The carbon dioxide that flows unused – and harmful to the climate – from the smokestacks of power plants, love to use as a source of energy

Burning coal, oil and gas to generate electrical energy produces about 12 billion metric tons of carbon dioxide worldwide each year. The odorless gas, together with methane, is largely responsible for climate warming. There are currently various ways to find a remedy: for example, there is talk of capturing the excess co2 at the place where it is produced and storing it somewhere. Plants breathe carbon dioxide and convert it into biomass with the help of sunlight. If this process is encouraged (e.G. By manuring the oceans), the amount of co2 in the atmosphere could also be reduced. Finally, the use of fossil fuels could be completely or partially eliminated by generating electricity from renewable sources.

The best way, of course, is to use all three at the same time. And the fourth one at the same time, which researchers have now published in the magazine environmental science technology letters propose. Scientists consider the carbon dioxide gas produced during combustion as a source of energy.

They do not use the warmth of the exhaust gas (as has already happened). Instead, an effect comes into play that, although relatively small, has gross potential over the enormous amounts of matter: when two substances mix, there is an associated increase in entropy that corresponds to a release of energy. It must then only be possible to collect this energy.

Scientists ame combustion gases with high co2 content (5 to 20 percent), which are mixed with normal air (co2 content below one per mille). To capture the energy released, the mixing takes place not in free space but in desalinated water. It turns out that, under the right conditions, a current of charge carriers (ions) is created that can be tapped from auben – and further used as electrical energy.

The potential of this technology would be enormous if it were extrapolated to the total energy production worldwide

In the experiment, the researchers achieved an efficiency of just over 12 percent, meaning that about one-eighth of the energy released during mixing could actually be captured. If monoethanolamine (which absorbs carbon dioxide better) were used instead of water, efficiency could be increased to as much as 32 percent. The co2-added liquid can then be recycled by spinning it with air. In the process, the remaining carbon dioxide is finally released – just like from the smokestack, except that it previously contributed to energy production.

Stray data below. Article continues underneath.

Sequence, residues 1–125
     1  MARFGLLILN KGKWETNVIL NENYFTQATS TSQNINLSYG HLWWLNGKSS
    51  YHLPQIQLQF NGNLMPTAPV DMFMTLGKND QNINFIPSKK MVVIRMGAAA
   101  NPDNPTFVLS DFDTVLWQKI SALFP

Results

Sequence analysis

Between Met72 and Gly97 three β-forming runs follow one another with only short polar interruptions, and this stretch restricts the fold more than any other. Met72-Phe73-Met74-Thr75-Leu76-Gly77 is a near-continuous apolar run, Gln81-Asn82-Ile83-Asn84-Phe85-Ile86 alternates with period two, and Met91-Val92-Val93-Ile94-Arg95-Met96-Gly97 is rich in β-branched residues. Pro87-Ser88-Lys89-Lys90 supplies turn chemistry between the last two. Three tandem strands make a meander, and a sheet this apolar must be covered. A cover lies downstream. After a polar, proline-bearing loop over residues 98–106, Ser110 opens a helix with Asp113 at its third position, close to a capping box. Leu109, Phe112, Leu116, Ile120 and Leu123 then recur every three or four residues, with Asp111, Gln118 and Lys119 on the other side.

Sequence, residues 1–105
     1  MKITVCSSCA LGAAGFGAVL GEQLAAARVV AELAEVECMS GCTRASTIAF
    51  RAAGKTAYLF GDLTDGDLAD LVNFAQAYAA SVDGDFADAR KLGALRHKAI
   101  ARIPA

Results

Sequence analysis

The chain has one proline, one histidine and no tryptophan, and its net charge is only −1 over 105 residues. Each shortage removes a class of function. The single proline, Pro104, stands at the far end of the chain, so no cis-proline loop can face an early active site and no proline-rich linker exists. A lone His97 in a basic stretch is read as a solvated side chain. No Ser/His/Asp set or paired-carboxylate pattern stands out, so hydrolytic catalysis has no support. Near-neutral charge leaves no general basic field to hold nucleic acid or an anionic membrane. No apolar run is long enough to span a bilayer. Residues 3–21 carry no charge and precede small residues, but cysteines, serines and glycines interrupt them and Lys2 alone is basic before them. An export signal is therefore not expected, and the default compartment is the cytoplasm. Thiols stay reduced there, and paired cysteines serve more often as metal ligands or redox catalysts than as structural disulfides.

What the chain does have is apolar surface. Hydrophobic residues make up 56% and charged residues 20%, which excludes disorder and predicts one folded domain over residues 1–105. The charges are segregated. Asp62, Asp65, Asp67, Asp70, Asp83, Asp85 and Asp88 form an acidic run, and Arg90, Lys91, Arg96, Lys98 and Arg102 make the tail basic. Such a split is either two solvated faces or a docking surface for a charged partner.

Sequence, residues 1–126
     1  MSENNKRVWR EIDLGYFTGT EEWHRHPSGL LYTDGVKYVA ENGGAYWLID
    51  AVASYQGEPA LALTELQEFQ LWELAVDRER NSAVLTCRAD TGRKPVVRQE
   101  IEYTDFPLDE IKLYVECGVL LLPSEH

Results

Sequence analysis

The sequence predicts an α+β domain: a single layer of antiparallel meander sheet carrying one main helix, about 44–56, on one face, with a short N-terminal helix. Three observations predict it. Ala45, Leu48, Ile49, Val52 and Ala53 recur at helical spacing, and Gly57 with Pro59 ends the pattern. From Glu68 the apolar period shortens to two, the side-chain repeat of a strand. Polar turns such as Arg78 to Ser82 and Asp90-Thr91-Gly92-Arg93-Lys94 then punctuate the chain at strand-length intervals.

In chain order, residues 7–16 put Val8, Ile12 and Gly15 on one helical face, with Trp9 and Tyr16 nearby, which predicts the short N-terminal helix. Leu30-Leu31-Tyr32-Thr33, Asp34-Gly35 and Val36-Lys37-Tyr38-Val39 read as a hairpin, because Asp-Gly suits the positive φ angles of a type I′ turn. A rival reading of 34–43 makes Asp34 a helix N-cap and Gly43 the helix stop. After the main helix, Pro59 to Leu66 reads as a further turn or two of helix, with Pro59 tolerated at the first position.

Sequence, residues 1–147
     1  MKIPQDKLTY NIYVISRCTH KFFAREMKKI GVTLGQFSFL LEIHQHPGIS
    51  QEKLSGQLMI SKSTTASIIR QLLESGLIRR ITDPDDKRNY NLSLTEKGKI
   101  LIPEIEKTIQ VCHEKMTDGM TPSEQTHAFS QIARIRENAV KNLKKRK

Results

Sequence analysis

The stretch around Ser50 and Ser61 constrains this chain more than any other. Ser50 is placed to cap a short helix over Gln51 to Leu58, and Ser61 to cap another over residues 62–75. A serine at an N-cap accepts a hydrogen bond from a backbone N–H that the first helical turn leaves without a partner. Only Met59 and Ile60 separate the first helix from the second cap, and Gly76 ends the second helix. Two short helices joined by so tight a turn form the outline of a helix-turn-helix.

On a global scale, the potential of this technology would be enormous. Depending on the co2 content in the exhaust gas (coal: 12.7%, gas: 7.5%), only 265 or 236 kilojoules are produced per kilogram of carbon dioxide. But at 12 billion metric tons per year, that adds up to 850 terawatt hours that all the world’s power plants together could then produce additionally.

If you include other co2 sources, you get 1570 terawatt hours, which is about 400 times the energy production of the hydroelectric plants at hoover dam. So all is well? Unfortunately not quite.

The process the researchers used to mix air and co2 with water consumes about 300 kilojoules per kilogram of co2 itself. So even in the best-case scenario, more energy currently has to be expended than is generated in the process. However, the researchers ame that other, less costly mixing processes had to be found that would allow the technology to be used commercially.

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